The NY Times notes the comeback of the incandescent bulb. Condemned to the outer darkness by He of the Inconvenient Electric Bill, the feds had set to ban cheap, pleasant lighting that people liked, and substitute crummy institutional lighting that doesn't last as long as advertised, is environmentally hazardous, and frightfully expensive.
The Times, however, does err in describing this as government driven innovation. In one sense, it's true, by changing the rules, the government forced businesses into investing money into non-economic product development in order to survive. In a larger sense, replacing a $0.25 purchase with a $5 dollar purchase isn't a worthwhile tradeoff. Even if the $5 purchase lasts 3 times as long. In order for that logic to work (assuming that you actually get 3x the lifespan of an incandescent (personal experience marks this as doubtful outside of the lab)), you're still left with trying to recover $4.25, requiring an efficiency improvement on the order of 567% or so. Good luck with that. Under government driven innovation, you merely wind up less poor than if no regulation had occurred.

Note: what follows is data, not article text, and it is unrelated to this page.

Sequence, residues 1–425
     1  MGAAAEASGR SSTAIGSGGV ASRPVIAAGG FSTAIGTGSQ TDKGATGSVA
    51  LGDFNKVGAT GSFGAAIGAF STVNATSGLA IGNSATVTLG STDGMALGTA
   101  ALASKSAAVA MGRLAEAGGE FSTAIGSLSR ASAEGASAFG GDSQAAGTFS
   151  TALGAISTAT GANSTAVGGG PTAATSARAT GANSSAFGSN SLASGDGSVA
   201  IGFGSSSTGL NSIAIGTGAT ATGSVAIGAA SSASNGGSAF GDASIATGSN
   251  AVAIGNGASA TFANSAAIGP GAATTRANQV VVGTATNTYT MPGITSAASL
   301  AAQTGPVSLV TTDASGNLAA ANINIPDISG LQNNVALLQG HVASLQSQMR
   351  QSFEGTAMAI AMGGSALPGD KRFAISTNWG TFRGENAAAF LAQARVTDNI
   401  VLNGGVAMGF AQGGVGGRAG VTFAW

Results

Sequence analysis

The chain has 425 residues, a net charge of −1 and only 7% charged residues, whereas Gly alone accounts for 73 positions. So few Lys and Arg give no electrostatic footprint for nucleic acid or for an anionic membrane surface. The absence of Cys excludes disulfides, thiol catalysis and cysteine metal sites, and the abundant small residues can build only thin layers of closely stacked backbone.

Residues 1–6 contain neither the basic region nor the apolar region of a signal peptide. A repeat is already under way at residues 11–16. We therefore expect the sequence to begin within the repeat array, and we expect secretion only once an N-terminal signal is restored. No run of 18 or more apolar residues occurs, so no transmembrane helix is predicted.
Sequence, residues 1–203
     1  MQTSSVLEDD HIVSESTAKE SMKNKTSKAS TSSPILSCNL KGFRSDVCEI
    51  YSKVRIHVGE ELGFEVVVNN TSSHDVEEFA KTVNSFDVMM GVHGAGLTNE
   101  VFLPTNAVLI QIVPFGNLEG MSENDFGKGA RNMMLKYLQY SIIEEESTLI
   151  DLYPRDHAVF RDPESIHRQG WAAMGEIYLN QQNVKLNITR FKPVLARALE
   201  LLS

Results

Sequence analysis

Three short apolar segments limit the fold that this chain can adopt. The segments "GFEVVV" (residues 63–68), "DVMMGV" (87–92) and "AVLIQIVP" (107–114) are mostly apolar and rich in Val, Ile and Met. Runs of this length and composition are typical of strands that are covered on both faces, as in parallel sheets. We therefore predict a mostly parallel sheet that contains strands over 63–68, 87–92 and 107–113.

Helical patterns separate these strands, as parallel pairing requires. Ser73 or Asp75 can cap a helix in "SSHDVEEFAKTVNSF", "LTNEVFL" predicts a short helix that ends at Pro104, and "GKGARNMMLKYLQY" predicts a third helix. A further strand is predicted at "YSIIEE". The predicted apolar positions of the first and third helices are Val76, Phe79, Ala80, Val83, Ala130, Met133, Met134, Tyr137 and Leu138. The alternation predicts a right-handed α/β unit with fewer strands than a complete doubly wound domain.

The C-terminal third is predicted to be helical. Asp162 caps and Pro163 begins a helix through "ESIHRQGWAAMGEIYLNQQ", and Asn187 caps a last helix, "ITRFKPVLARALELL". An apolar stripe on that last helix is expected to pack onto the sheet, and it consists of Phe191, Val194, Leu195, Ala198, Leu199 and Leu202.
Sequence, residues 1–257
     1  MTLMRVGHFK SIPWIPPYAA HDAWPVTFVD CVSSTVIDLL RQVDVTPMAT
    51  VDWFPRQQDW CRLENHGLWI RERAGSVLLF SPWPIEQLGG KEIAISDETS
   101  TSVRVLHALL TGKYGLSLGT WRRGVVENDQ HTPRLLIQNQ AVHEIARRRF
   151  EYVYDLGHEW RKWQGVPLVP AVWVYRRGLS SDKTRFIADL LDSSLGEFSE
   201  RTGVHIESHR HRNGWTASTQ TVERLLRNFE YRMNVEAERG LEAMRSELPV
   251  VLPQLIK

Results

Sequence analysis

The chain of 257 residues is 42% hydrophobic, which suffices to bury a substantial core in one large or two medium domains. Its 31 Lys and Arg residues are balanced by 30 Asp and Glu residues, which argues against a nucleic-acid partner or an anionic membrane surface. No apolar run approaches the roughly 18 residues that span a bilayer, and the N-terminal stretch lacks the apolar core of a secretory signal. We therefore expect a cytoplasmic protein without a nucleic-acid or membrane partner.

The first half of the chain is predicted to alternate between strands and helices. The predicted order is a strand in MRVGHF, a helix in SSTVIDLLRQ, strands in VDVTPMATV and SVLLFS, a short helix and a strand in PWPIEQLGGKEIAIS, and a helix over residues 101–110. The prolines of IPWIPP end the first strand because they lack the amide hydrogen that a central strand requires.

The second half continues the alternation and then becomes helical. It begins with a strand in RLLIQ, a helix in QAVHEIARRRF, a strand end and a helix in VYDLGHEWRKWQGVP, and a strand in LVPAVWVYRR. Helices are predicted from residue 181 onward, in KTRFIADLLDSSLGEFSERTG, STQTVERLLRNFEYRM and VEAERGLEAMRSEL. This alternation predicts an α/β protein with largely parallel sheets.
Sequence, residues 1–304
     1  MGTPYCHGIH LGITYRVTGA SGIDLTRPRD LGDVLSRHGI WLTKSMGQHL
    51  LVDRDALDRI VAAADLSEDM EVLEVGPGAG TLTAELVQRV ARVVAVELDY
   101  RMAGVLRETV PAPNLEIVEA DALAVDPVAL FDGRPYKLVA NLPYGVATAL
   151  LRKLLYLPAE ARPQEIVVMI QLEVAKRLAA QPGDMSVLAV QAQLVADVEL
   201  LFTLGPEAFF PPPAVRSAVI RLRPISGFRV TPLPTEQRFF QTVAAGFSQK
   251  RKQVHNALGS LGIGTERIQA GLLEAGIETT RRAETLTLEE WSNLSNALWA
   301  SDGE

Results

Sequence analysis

At the end of the day, you're left with crappy, more expensive lighting, no real benefit to the planet, and only the legion of His Goreness' bureaucrats will be happy.